–Office of Undergraduate Admission, Stanford University, Stanford, California
Personal Statement Advice from Northwestern and Harvard
Both Northwestern and Harvard agree that you should make sure to spend some time on your prospective school’s website before sitting down to write. And Emily Stevens, admissions counselor at Northwestern, reminds you that it’s not all about the essay:
“We review all of our application materials on a holistic basis, meaning that we look at every single part of a prospective student’s application, rather than placing the most weight on test scores, or the writing component, or grades, etc. Be sure to check our website for the components we consider.”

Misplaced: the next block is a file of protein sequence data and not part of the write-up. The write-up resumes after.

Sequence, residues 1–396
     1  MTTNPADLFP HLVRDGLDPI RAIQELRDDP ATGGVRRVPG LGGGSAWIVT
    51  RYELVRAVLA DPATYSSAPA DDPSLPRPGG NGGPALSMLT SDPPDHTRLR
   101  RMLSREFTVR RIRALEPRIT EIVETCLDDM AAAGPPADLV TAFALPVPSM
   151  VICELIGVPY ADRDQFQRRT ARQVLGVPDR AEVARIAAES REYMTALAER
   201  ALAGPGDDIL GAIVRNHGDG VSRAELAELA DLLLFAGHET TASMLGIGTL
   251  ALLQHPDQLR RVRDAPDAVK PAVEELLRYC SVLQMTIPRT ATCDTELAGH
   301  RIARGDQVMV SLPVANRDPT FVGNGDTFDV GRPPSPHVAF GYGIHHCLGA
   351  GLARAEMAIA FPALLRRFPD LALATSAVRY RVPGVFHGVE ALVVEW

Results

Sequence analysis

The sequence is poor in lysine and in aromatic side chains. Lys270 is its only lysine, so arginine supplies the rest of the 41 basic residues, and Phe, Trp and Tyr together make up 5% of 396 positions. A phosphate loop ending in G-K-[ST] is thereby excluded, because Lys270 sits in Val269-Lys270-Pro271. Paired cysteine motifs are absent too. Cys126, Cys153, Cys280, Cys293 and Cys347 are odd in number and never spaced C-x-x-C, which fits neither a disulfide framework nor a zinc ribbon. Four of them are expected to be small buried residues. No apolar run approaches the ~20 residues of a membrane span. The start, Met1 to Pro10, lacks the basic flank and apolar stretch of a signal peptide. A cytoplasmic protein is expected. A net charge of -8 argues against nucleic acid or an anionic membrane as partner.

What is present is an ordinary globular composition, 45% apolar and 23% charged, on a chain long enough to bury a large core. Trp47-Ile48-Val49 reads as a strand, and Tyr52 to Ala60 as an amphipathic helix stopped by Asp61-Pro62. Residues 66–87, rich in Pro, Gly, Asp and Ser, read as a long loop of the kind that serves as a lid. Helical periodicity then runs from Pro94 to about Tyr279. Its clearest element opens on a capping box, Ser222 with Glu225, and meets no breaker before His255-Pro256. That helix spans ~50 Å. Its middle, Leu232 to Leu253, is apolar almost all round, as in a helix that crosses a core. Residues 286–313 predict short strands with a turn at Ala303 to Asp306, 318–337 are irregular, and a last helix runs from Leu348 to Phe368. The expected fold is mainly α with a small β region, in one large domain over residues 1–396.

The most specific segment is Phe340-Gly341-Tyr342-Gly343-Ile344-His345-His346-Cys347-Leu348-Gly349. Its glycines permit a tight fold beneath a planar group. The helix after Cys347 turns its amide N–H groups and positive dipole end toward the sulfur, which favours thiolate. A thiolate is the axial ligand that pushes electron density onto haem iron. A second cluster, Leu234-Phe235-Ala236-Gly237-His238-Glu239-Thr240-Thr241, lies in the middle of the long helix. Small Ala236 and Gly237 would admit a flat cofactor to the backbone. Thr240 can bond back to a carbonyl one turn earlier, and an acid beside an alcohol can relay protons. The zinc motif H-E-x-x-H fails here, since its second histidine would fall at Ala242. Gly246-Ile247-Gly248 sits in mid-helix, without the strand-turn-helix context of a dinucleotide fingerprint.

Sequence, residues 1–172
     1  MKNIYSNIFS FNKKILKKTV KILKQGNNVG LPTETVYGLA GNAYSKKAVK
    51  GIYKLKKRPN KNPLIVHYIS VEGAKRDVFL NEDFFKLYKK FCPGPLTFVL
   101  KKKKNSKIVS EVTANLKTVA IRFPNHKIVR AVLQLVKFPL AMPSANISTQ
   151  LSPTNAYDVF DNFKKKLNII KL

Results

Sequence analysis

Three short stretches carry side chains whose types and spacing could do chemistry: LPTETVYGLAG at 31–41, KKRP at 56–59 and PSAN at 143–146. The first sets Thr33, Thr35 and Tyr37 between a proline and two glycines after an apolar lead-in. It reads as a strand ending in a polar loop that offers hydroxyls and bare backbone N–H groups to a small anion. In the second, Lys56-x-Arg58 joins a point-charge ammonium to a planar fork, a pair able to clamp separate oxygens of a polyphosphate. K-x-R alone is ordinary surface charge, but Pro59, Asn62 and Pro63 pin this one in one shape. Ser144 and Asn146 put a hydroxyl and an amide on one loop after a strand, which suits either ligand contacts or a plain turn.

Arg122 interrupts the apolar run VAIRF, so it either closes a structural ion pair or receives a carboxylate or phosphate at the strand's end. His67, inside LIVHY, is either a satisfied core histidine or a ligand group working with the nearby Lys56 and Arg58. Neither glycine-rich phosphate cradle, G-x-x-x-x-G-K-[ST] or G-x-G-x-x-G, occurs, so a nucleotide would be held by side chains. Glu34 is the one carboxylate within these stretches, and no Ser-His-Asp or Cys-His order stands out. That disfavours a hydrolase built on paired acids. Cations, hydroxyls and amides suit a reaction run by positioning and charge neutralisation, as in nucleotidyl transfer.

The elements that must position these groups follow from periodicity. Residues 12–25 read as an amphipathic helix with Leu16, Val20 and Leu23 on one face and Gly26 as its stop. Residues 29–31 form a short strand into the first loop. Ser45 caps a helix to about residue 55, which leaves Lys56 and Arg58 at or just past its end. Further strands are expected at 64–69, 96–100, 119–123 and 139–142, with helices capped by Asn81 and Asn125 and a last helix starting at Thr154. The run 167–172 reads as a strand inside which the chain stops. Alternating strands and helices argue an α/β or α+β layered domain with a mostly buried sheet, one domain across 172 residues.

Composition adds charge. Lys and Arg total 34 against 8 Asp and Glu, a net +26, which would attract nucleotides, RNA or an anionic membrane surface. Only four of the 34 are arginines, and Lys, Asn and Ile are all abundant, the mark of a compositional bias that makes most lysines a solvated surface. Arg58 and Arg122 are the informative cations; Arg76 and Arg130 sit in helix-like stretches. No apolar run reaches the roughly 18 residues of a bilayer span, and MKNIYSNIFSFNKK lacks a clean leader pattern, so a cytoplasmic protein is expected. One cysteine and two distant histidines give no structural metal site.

–Emily Stevens, Admission Counselor, Northwestern University, Evanston, IL
“To be candid, the most helpful—and honest—advice is pretty straightforward. That’s why it’s critical for you to read our website carefully when preparing your application to Harvard.”
–Marlyn McGrath, Office of Admissions, Harvard University, Cambridge, MA
Personal Statement Advice from an Admissions Coach
And finally, Andrew Chen the founder of HBomb, which provides university admissions coaching services for applicants seeking admission to elite graduate and professional schools, and author of the e-book How to get into Harvard Law School (whether you have the highest scores or not) gives some stellar advice about best and worst practices. Among other things, he reminds you to write with a sense of purpose and not try too hard to make a good impression (yes, you read that right!):